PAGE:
Amber lighting solutions are available for almost all applications including exterior flood lights, interior lights and portable lights. We fitted the Magnetic LED Light Strips from Drifta Camping and 4WD to the interior of our van and we couldn’t be happier with them. They provide both amber and white lights. They are available in three sizes. Visit for more information.

Turn off the TV: If you have a TV in your caravan or camper and use it at night, you may as well have an open invitation for the bug to get inside. LED TVs are very bright and the changing pictures are like the strip in Las Vegas to insects. 

And it doesn’t matter how well-sealed you think your caravan or camper is, the bugs will always find a way inside.   

Use a bug zapper light: While running amber lights inside your RV will deter the biting insects from coming inside, placing a UV light-based bug zapper outside will attract insects away from the inside of your RV. 

We have had excellent results using those USB rechargeable UV bug zappers. They are very portable and can be hung just about anywhere and, thanks to their internal, rechargeable battery that lasts all night, they are perfect for free camping. These can be purchased from Kmart or camping retailers for around $15 each.

Keeping the biting insects off you.

Tea Tree Oil: The next step in your defence is to deter the bugs from landing on you. There is a plethora of sprays on the market but most of them are based on harsh chemicals. We have tried all sorts of home remedies made from all sorts of stuff like vinegar and Dettol and none of them has proved very effective. It was on a trip to Townsville that we learned how the locals keep the bugs away. They use Tea Tree oil in just about everything. Their shampoo, soaps and moisturisers all contain Tea Tree oil and it does appear to work quite effectively. You can even add a couple of drops of tea tree oil to your moisturiser before applying it to your skin to achieve the same effect. We have used the range of tea tree oil-based products from Thursday Plantation with great success. They are available from most supermarkets and chemists. Visit for more information.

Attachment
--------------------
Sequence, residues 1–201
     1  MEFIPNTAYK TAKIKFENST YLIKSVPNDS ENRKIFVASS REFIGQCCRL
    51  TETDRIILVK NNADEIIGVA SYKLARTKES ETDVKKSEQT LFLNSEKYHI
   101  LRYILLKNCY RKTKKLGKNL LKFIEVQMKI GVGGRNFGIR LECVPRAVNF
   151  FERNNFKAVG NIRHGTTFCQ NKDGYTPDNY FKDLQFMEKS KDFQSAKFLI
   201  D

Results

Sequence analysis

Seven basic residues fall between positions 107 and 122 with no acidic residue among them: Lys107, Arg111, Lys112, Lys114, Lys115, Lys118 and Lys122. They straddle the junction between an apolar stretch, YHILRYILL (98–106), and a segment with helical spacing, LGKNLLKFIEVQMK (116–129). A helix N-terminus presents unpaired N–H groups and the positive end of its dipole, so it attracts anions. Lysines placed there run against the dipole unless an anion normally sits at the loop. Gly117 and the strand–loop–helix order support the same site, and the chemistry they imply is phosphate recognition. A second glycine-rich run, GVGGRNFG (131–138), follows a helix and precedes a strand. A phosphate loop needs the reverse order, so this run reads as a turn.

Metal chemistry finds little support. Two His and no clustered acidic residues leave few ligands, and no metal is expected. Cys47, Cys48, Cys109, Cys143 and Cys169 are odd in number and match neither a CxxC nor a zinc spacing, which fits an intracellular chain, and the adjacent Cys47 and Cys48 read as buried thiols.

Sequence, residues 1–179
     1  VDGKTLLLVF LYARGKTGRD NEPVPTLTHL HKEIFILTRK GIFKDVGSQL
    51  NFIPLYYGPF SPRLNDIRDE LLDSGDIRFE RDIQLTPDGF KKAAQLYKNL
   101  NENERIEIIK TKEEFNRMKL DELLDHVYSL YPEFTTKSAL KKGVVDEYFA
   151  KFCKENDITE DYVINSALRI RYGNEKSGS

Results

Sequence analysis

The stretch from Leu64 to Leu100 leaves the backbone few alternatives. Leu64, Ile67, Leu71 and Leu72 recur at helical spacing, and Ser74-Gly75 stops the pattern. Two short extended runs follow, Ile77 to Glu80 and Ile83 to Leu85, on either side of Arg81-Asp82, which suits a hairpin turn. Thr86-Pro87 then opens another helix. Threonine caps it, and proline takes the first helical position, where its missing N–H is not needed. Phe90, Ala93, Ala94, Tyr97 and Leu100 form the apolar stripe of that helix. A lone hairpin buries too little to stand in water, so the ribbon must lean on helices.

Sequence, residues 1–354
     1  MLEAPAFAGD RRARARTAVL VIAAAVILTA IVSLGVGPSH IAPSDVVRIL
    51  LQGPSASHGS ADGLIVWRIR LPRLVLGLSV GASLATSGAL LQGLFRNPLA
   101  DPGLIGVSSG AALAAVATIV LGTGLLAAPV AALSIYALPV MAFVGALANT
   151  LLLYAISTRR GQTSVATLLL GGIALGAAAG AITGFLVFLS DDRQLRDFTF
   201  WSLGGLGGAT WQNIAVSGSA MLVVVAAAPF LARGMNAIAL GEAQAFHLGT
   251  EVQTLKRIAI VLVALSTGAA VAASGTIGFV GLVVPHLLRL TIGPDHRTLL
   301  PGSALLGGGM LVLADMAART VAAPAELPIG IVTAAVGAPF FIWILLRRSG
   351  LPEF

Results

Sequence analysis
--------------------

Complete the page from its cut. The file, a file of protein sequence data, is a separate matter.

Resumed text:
Be aware some people do have an allergic reaction to tea tree oil so, if you have never used it in the past, try a little on a small patch of skin and check for any reaction.

Nature’s Botanicals: Another incredible product that works extremely well at repelling insects is the range from Nature’s Botanicals. We got onto this thanks to our niece who used it on her horses to keep the flies away from them. It contains all-natural ingredients including Rosemary and Cedarwood oils. You can find more information by visiting 

Cover up: I know a lot of people will not like this suggestion, especially when travelling in the heat of the tropics but if you wear long sleeves and long pants, the bugs won’t have anywhere to land on you and bite you. 

Thermacell: This is another useful device that will help keep the bugs away from you. Thermacell uses a gas-fired heating element to warm a pad soaked in insect-repelling oils to create a vapour around you that the biting bugs will not appreciate in any way. They are quite effective when used outdoors however you’re best to keep them near yourself for the best results. They have several different models to choose from. Visit for more information.